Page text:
Your Health

You Should Do This Every Time You Buy New Clothes

Sorry, it's not wear them right away

Ready for it? It’s super easy. WASH THE CLOTHES! It can be tough to restrain yourself and not just wear that new thing right away, but trust us, washing first is worth it! And, it doesn’t take too long. If you are like me, part of the motivation for buying new clothes was because everything you like to wear was dirty, so you probably have to do a wash anyway.

Think about all the things that could have gotten on the clothing before it gets to your closet. Before it becomes that cute t-shirt, or dress, or pair of socks, or whatever, it was yarn or a fabric of some sort. Chances are the strands were sprayed with something before it became what it is today, even if it’s natural cotton. Often times, the threads are sprayed just so they can be turned into fabrics more easily. All of this is aside from the dyes to make the fabric the perfect color.

Then, once it is that cute new thing, many times it has been doused in formaldehyde to reduce the chances that it will get moldy or super wrinkly in transit from that far away country it was born in. (1) (2) Usually the clothes travel on a boat, which means lots of moist conditions, just what mold loves.

Other chemicals commonly found on clothing include nonylphenol ethoxylate, antimony, and organotins. (3) All of these chemicals on clothing interact in different ways with your body. Generally, if they react negatively, you will notice a rash from direct contact, but long-term repeated contact, possibly for those who work in retail stores, can lead to more serious reactions like interfering with chemical messengers in the body that control things like growth, metabolism, and fertility or the ways cells multiply, which can lead to cancer, infertility, metabolism disruption, to name a few. (1) So, for the sake of your health, you can probably wait until the next time you do laundry (or start a load of laundry), before you wear that new item.


All of the chemicals mentioned before, ignores the fact that often times you aren’t the first or only person to try on a particular piece of clothing. (2) It is possible that those who tried the item on before you didn’t shower that morning, or had a bacterial infection, maybe lice, or fungus nails, or who knows what else. So, if the chemicals seeping into your clothing then rubbing off onto your skin didn’t worry you enough, maybe that thought will tip you over the edge to drop your new threads right into the washing machine.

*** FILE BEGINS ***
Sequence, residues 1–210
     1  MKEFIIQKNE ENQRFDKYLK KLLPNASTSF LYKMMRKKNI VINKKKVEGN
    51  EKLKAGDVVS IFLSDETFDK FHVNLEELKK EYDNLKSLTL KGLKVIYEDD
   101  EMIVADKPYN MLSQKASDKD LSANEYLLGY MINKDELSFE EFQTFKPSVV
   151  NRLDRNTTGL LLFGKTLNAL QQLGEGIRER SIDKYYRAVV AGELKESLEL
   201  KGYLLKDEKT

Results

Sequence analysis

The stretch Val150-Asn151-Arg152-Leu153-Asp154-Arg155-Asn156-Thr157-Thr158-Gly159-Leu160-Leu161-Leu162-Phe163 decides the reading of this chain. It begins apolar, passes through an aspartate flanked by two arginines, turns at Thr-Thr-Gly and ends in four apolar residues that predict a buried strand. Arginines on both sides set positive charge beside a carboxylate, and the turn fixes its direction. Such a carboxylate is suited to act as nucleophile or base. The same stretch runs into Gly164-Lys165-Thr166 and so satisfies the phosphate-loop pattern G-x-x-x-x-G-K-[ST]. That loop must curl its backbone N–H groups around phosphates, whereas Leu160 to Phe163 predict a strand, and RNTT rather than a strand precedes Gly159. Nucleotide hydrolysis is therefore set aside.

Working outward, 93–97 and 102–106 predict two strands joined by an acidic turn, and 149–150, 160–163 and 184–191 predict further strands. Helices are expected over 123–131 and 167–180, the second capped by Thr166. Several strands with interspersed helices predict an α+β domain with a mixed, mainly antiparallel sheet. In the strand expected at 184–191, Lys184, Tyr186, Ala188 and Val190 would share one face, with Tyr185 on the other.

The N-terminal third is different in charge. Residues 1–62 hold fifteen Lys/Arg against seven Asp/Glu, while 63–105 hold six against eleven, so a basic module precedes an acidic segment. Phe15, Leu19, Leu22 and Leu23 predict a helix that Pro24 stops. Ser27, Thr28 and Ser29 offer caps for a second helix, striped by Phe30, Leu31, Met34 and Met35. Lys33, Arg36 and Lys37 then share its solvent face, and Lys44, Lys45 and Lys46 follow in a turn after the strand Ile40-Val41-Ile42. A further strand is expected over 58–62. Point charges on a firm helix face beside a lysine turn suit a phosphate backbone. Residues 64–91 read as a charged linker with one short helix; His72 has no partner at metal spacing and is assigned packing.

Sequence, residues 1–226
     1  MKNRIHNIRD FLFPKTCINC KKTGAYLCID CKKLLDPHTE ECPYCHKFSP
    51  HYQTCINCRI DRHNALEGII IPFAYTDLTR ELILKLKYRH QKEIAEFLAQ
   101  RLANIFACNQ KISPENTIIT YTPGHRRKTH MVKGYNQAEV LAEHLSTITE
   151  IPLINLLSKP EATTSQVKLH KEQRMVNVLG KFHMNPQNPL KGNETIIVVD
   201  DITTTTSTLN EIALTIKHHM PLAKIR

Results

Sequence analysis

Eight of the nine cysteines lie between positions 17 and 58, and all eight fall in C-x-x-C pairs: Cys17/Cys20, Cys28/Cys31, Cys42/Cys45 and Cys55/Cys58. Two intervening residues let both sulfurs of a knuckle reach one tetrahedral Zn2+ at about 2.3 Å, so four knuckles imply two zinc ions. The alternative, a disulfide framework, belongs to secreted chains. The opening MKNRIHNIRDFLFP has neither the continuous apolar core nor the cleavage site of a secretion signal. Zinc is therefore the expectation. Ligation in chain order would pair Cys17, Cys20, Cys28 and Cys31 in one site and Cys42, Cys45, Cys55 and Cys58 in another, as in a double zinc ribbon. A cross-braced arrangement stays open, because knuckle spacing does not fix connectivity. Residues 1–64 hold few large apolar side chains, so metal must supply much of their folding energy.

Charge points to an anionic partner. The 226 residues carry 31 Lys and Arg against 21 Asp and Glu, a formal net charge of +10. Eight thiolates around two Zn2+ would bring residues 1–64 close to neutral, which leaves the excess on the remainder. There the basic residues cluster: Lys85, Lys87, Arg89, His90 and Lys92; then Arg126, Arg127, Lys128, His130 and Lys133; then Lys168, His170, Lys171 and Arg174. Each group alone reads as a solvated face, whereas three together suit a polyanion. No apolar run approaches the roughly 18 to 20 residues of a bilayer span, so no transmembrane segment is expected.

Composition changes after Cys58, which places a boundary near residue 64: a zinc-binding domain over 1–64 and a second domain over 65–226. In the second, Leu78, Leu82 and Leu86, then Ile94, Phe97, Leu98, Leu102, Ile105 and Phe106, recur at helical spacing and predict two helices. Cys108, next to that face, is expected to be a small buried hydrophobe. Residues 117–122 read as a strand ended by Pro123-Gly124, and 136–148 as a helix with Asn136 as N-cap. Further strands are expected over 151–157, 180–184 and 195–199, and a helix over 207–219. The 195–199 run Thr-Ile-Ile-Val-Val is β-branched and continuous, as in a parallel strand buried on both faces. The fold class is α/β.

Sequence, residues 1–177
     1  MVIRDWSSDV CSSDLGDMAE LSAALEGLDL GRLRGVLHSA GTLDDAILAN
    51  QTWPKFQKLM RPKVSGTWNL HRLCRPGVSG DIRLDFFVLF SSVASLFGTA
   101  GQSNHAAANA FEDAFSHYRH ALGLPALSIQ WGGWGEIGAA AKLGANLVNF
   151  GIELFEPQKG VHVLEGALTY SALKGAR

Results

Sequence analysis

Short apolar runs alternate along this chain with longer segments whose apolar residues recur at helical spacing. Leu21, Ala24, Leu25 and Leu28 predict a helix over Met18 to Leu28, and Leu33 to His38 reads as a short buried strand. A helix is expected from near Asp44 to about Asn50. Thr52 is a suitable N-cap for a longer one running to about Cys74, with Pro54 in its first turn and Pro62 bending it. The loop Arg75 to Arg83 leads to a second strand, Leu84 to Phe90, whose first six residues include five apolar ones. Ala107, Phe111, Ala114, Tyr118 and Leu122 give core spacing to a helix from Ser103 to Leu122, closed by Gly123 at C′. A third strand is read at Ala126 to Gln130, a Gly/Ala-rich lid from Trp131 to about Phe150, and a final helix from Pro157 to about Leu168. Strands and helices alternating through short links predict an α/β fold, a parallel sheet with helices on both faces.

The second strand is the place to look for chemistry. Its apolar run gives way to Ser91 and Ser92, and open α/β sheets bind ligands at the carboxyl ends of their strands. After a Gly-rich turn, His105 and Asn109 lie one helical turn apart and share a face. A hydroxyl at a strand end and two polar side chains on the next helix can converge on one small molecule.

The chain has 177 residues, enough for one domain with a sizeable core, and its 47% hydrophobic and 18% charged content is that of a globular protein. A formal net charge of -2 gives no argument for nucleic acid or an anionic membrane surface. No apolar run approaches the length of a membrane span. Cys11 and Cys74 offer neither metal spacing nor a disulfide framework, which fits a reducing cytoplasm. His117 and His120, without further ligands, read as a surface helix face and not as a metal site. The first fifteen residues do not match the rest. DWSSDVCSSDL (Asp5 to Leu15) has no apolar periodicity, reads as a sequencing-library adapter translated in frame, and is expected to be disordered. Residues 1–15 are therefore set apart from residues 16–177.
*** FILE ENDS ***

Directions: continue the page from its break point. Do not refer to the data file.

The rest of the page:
While these chemicals are on almost all clothing, it is most important to wash before wearing clothing that has direct contact with your skin or that you sweat in. So, definitely wash those new yoga pants, and don’t pass on the socks, t-shirts, underwear, and jeans. While the chemicals are woven into the fabric, that first wash really does help remove a lot of them. It is probably less important for items like coats or blazers that generally don’t touch your skin.

For items that aren’t easy to wash or say dry clean only, try airing them out for a while before you wear them. Sending it to the dry cleaner first will only put fresh chemicals from the dry cleaning process on the clothes. Some places offer wet cleaning which is a special process to clean delicate clothes without the harmful chemicals of dry cleaning. You can ask your local dry cleaner if this is an option they provide or see if other locations with this process exist in your area.

So, try to plan ahead, and make sure you have an hour or two minimum to do a load of wash before you desperately need to wear your new outfit.

1) De Groot A, Le Coz CJ et al. Formaldehyde‐releasers: relationship to formaldehyde contact allergy. Part 2. Formaldehyde‐releasers in clothes: durable press chemical finishes. Contact Dermatitis. March 3, 2010

2) Cairns, C and Bailey, A. Wash and then wear; unwashed clothes may have formaldehyde. Consumer Reports News: November 12, 2010.

3) Greenpeace East Asia Report. A Little Story About the Monsters in Your Closet. January 2014.